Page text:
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My application needs to run many separate contexts in the same (single-threaded) process. They all share a single LLVMContext.

The process will run many contexts (in the thread sense); that is, each one runs a function in a continuation object based on boost::context (still on vault, pre-approved lib) it means that each context can yield, but they basically run in the same single-threaded process. Each one should run basically independent of the other, and more importantly, a compilation error in each one should not affect the execution of the others.

Each of these contexts, will invoke code dynamically that spans multiple translation units (TU). some Translation units may be shared across many of these contexts. compilation errors in a new or modified translation unit should not affect other contexts.

Clarification Edit: For example, T.U. A might be shared among two contexts, context X and Y. just for the sake of having a full picture, lets say that X will also be running code from other translations units, I.e B and D, while Y will have also C. At some point, X decides to make a modification to A, so it creates a new T.U A.1, which is a copy of A, and applies the modification there, so those will not affect context Y. Hope this example makes it clear the requirement.

My initial impulse was to associate one llvm::Module for each context, but since its undefined in LLVM what happens with a module in an intermediate state of compilation, I decided to add one llvm::Module for each translation unit (see this question for the reason), plus the copy-on-write policy I explained before for when modifications of a translation unit happen locally to a context, in order to avoid a modification affecting other contexts.

The main two-fold question I've have is:

  • How do I link together the different modules in a context in order to invoke them as an unified library? I'm using the C++ api. I'm particularly wary of this nasty, old bug affecting this functionality. Would this bug still affect me if I transferred ownership of all the modules to the JIT with ExecutionEngine::addModule()?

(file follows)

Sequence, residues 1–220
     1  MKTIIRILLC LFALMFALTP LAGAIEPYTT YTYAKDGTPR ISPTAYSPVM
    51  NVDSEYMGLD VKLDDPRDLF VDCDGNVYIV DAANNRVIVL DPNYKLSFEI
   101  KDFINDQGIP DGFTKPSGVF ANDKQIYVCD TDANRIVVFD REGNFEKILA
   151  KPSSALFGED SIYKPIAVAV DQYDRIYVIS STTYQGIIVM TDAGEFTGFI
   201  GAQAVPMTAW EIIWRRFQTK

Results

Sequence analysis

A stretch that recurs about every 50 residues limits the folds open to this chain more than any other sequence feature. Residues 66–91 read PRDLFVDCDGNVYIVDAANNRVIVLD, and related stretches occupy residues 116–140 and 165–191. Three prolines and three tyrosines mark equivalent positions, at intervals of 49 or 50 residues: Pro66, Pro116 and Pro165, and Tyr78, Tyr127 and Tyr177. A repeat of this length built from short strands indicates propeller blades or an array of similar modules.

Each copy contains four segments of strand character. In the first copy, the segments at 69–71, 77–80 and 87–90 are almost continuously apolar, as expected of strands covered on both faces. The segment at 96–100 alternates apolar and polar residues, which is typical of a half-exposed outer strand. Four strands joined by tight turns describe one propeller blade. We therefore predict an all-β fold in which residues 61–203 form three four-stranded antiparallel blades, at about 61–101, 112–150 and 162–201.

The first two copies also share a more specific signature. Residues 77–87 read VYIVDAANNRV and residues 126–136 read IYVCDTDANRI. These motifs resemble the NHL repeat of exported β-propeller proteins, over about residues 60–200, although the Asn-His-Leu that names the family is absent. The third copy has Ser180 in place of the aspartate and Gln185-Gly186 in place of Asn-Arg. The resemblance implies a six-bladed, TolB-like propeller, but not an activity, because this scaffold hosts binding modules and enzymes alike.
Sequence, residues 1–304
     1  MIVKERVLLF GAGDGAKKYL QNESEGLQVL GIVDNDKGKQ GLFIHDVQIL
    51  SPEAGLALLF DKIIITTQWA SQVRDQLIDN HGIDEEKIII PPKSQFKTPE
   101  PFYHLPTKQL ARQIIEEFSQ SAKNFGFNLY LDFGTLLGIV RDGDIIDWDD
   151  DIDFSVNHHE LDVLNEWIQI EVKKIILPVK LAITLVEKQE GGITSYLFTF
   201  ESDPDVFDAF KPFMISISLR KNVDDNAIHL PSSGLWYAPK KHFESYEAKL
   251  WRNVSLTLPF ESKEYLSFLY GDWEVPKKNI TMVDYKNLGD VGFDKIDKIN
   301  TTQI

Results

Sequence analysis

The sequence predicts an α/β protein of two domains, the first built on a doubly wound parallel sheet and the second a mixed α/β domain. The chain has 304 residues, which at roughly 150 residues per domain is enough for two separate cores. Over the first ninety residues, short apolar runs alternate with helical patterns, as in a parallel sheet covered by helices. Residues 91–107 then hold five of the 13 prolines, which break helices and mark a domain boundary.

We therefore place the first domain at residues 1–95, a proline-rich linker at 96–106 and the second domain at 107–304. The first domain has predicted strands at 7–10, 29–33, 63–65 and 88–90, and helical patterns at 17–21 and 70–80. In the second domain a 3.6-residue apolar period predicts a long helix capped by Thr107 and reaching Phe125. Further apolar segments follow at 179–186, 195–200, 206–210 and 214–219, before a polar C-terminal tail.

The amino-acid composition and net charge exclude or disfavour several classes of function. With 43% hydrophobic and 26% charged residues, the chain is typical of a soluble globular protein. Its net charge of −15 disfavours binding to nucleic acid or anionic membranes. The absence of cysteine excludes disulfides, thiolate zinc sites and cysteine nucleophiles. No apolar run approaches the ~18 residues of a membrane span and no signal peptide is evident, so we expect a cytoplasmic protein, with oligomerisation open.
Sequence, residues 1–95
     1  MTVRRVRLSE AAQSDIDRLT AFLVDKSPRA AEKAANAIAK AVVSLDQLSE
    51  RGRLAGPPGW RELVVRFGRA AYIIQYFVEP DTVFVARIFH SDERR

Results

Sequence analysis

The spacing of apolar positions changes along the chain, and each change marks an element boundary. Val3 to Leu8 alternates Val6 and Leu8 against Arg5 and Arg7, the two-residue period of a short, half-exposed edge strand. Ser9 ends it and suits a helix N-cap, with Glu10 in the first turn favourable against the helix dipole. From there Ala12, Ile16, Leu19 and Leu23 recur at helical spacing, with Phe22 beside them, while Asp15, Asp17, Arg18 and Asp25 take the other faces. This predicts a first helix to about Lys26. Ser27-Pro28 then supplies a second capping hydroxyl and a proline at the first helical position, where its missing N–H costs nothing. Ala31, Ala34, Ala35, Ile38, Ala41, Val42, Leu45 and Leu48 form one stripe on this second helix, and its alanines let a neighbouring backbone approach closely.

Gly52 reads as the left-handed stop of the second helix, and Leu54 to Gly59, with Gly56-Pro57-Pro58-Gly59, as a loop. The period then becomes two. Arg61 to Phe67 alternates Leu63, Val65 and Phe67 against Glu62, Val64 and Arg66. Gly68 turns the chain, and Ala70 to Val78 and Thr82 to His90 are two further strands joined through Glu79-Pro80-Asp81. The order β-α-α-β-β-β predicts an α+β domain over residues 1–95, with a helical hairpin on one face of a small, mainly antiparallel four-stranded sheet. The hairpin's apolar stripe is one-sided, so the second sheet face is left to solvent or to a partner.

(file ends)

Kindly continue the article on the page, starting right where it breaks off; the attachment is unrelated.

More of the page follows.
• What are the required steps once a modification on a translation unit forces the update of one of the modules? do I need to drop/delete the old module object and create a new one? is there a recycling policy that I haven't read about?

A secondary question I have about this is:

  • How many ExecutionEngine do I need? one for the whole application? one per context? one per module?

Hope the scope of the question is not too overwhelming.

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    I'm not an expert, but I think I can add something here to at least get you started. To question 1a: the bottom of your link seems affirmative that throwing your modules at JIT will indeed work around the bug. To 1b: the API docs suggest no resource recycling, just a pass structure. So, it depends on the mutation of your modules. To 2: I say, let your design and needs determine that, given the solutions to your first two questions. Good luck! – MrGomez Apr 8 '12 at 1:09
  • And that's about as expressively terse as I can make my pseudo-answer. Do let me know if you'd prefer I formalize this into an actual answer, despite my admitted blundering through the design notes, documentation, and compiler theory behind how LLVM operates. – MrGomez Apr 8 '12 at 1:11
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I think you need a conceptual framework to "hang" your ideas on. Thinking of the various executing bits as commands (perhaps even implementing using the command pattern) will give you a more obvious set of interaction points. That being said; you will need a context for each discrete execution you wish to return to. More than two will require that you create appropriate book keeping. I believe that two is handled essentially for free in boost.
Communication between executing bits is similarly up to you. Creating a state (memento) that is shared across execution contexts is one solution that comes to mind. You may also already have suitable state built into your run time, then no extra layer will be required. As you pointed out globals are not your friend in these interactions. Versioning and Name resolution are also an issue. Keeping the executing bits separate goes a long way toward solving this problem. Once you resolve the coordination issue this is more a matter of tracking what bits you have already created. This also means that there is no need for recycling, just create new each time and there is no reload. You will also have to manage the end of life of these bits once they have completed executing. I am proposing one ExecutionEngine per executing bit. To not do this means a great deal more work attempting to "protect" working code from the effects of code that is wrong. I believe it is possible to do this with a single engine, but it would be significantly more risky.

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